Slovenia Put on Credit Watch Negative by S&P on Vote Call
Slovenia’s credit rating was put on credit watch negative by Standard & Poor’s because of opposition efforts to force a referendum on the government’s plan to overhaul the economy.
Opposition lawmakers on Oct. 30 filed a motion to call a plebiscite on a so-called bad bank and the creation of a wealth fund meant to ease the sale of state assets. The bank plan motion was rejected by Parliamentary Speaker Gregor Virant on Nov. 2. The yield on Slovenia’s 10-year $2.25 billion bond rose 4 basis points, after soaring 29 basis points on Oct. 31.
“The possibility that the parliamentary opposition will use the referendum procedure as a blocking device raises significant uncertainties that could threaten the government’s ability to develop and execute structural reform policies,” New York-based S&P said in a statement today. “Delays in resolving the issue will likely harm investor confidence and could increase Slovenia’s financing costs.”
Slovenia is pushing ahead with measures to strengthen the economy, including fiscal consolidation and the formation of the bad bank as the government struggles to avoid becoming the next euro-region country to ask for international assistance.
Lawmakers in the capital Ljubljana will today ask the Constitutional Court to either allow or reject the call for the popular vote, Finance Minister Janez Sustersic said yesterday.
The 10-year bond sold last month dropped after the report, pushing the yield up seven basis points to 5.51 percent at 10:30 a.m. in Ljubljana, after rising to 5.49 percent on Oct. 31, according to data compiled by Bloomberg.
S&P said it may lower Slovenia’s credit score by one level to A-, its fourth-lowest investment grade, or to BBB, two steps above junk, “if the government’s ability to enact key reforms to promote a more flexible and responsive economy and financial markets have been weakened and if we see that the lack of political certainty is undermining Slovenia’s other credit metrics such as its fiscal and debt dynamics.”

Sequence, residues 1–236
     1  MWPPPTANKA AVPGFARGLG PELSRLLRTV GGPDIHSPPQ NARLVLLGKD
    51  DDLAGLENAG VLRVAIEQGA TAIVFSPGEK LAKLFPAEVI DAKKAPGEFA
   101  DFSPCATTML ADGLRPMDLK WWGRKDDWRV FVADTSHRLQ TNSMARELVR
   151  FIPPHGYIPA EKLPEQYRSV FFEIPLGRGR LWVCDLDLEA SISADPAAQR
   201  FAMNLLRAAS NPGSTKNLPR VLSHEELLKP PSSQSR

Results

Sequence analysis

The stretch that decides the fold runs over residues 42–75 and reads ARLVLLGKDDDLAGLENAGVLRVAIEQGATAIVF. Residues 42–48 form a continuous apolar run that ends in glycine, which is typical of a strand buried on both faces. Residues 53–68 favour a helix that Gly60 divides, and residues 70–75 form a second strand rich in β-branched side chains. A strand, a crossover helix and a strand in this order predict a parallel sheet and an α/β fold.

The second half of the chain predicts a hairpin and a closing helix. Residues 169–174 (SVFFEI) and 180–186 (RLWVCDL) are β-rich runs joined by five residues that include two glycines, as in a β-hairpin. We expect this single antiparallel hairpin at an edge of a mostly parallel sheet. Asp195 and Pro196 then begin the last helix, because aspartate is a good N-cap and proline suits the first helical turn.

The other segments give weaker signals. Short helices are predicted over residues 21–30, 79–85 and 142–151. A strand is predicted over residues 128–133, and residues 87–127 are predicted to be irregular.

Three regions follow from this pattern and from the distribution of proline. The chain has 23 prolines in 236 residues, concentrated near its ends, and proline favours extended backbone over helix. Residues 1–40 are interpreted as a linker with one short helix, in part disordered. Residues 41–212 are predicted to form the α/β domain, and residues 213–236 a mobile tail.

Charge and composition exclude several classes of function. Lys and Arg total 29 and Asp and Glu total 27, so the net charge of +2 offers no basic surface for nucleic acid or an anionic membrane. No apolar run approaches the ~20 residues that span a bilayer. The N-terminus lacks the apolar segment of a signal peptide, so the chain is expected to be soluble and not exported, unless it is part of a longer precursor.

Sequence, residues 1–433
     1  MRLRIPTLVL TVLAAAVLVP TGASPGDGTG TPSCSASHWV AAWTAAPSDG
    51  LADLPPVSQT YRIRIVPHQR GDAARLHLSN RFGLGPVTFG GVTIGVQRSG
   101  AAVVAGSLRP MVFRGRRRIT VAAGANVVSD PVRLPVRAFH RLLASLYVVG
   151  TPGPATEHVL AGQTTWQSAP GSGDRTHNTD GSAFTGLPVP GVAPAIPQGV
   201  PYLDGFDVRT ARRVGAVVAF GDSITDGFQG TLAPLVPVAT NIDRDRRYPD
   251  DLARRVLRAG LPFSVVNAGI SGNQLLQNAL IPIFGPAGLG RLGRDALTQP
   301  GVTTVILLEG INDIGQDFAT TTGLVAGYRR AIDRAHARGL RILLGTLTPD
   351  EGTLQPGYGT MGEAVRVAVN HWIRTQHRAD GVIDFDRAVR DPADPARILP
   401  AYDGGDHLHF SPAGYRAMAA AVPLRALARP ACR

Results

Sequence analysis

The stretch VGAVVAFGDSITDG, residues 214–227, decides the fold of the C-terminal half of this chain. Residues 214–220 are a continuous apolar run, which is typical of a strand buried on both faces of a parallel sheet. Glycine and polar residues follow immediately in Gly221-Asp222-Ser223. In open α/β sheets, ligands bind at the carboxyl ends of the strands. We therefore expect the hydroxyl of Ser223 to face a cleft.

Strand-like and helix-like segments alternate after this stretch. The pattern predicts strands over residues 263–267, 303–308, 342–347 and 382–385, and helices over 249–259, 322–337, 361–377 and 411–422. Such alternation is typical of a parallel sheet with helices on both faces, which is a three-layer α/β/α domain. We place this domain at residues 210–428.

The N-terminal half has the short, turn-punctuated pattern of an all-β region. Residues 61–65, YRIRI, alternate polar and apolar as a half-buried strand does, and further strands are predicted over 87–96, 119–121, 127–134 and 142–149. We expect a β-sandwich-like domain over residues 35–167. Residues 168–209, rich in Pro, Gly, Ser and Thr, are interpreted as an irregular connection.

A BBB rating would put the country on par with South Africa, Lithuania and Bulgaria. A possible downgrade to BB+, the first non-investment grade, would disqualify 80 percent of Slovenian bank assets held as collateral at the European Central Bank, the Finance Ministry said.
“A credit rating cut would also mean that state-backed bonds that would be issued in exchange for bad loans from banks couldn’t be used as collateral with the ECB to ensure their liquidity,” it said in an e-mailed statement.
Slovenia’s bank-stabilization plan foresees the creation of an agency that would take non-performing loans from ailing lenders amounting to as much as 4 billion euros ($5.1 billion) in exchange for state-backed bonds that would probably be eligible as collateral for further financing with the ECB, Finance Minister Janez Sustersic has said.
The Adriatic nation’s export-driven economy, which contracted an annual 3.2 percent in second quarter, will probably shrink more than 1.8 percent because of “uncertainty on the sovereign debt markets and the need for additional fiscal consolidation measures in the European Union,” the central bank said today in a price stability report.
“In the second quarter of this year, the economic situation in Slovenia deteriorated sharply,” Banka Slovenije said in the report. “The risks in GDP growth projections remain high and are tilted toward the downside.”
The government of Prime Minister Janez Jansa is aiming to cut the budget deficit to about 3.5 percent of gross domestic product from 6.4 percent at the end of last year. Debt is forecast to increase to 58 percent of total output next year, according to the European Commission.
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